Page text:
focus specific flats.

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  • #574322
    Eric Watkins
    Participant

    Given that the optical train remains the same and that there is no rotation of the fov is it necessary to create a set of master flats for a given filter due to a nightly change in focus due to ambient temperature change particularly in the case of photometry?

    Could I take a set for each filter and use them for several nights or weeks?

    Cheers, Eric

    #581032
    Andrew Smith
    Participant

    I am sure in theory their could be some changes but they might well be of the same order as the changes between taking the flats and the observations on a given night.

    I would do a set on two nights with a reasonable temperature difference. Then subtract them and see if the is a significant residual or not.

    Regards Andrew 

    #581033
    Paul Leyland
    Participant

    Yes, you should take frequent flats if you wish to do photometry at the highest precision possible.  The out of focus dust ring-images change in size and intensity as the focus changes.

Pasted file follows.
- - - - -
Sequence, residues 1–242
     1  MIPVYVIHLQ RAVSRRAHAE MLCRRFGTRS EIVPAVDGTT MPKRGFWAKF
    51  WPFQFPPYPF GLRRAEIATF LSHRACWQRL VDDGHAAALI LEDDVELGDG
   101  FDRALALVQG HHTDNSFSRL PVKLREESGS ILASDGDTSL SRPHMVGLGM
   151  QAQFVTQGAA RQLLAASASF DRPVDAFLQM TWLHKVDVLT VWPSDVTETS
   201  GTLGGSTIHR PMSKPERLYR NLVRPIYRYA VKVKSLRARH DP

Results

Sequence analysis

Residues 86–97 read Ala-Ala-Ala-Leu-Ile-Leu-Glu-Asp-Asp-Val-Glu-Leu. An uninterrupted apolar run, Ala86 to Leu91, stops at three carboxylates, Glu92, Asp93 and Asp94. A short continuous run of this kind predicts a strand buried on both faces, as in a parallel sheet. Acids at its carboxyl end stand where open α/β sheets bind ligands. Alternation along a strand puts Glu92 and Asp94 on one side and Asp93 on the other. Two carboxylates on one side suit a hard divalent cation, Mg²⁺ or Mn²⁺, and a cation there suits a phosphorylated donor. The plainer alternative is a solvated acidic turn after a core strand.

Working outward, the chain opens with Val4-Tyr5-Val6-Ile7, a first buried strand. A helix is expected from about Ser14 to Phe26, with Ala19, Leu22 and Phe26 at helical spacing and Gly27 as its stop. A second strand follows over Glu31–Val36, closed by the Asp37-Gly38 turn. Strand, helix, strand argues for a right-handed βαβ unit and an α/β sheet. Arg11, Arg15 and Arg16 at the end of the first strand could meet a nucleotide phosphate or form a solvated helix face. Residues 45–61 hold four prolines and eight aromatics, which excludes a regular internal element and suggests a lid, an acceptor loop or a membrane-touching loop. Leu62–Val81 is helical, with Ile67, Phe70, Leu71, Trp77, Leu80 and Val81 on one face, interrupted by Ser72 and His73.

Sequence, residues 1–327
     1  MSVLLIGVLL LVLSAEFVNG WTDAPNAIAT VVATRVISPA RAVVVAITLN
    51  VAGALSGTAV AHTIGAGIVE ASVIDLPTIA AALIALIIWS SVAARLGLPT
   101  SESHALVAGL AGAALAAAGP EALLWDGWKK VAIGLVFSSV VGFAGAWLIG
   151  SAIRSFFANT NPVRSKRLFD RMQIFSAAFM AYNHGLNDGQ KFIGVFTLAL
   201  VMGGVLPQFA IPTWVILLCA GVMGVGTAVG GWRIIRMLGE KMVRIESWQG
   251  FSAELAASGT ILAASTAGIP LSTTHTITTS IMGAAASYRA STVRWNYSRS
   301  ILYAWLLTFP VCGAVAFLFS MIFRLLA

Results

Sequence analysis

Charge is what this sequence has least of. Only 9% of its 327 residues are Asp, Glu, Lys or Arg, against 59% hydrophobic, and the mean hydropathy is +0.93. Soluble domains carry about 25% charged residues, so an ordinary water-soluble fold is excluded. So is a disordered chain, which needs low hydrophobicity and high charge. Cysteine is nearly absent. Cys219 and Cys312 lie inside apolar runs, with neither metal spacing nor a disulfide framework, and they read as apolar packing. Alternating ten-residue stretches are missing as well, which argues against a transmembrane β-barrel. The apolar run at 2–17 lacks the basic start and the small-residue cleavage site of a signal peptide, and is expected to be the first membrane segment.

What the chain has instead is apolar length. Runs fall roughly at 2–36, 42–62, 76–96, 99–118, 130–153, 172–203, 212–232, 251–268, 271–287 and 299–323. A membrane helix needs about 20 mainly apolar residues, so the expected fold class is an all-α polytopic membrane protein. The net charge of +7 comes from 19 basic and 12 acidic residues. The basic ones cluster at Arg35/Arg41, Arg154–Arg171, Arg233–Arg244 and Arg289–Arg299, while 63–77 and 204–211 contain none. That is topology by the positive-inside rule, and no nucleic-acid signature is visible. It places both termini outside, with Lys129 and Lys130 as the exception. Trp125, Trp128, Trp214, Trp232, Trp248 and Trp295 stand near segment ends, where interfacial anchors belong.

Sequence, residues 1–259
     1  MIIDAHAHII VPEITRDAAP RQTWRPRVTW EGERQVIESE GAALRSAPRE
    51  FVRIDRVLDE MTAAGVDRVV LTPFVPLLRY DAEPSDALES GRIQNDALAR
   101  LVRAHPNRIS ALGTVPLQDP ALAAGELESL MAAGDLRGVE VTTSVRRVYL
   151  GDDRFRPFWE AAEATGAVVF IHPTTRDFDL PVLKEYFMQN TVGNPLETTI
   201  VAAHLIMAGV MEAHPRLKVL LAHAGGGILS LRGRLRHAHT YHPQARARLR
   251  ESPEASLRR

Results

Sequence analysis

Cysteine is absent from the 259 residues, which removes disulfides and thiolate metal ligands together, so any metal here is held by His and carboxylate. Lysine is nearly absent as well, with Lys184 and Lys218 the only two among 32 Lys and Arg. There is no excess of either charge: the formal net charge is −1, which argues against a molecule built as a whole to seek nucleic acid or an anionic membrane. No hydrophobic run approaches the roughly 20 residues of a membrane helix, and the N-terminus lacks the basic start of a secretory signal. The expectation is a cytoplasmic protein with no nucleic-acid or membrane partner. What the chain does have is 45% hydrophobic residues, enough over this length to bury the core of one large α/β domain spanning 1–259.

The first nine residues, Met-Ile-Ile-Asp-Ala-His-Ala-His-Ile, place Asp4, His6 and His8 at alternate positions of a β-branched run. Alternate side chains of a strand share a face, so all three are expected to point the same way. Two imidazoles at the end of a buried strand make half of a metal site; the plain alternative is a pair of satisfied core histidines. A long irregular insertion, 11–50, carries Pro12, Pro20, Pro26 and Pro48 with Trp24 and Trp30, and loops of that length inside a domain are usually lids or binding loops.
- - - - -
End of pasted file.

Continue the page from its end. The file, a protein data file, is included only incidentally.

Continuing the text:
Most everyone, myself included, ignore this effect and use a set of flats for lengthy periods.

    #581038
    Peter Carson
    Participant

    I take flats, made up of about 50 averaged images, each time something in the optical train changes, like moving the camera or a new blob of dust appears or I use the camera at a different set tempetature. I redo the flats if the season changes but nothing else has changed. However apart from that I keep using the same ones. I’ve experimented and can’t find any decernable improvement if I take flats every time I slightly tweak the focus.

    #581040
    Eric Watkins
    Participant

    Thanks,  Andy, Peter and Paul,

    at the end of a nights’s session I can barely keep my eyes open and I have always taken a new set of flats and corresponding darks. I actually have a medical problem of not getting enough sleep which is getting to be a problem.  If I was simply imaging I would’t bother, but as I do a lot of photometry the flats may have been an issue.  I’ll try experimenting and see if there is any difference.  Peter’s experience seems promising.

    Many thanks,

    Eric

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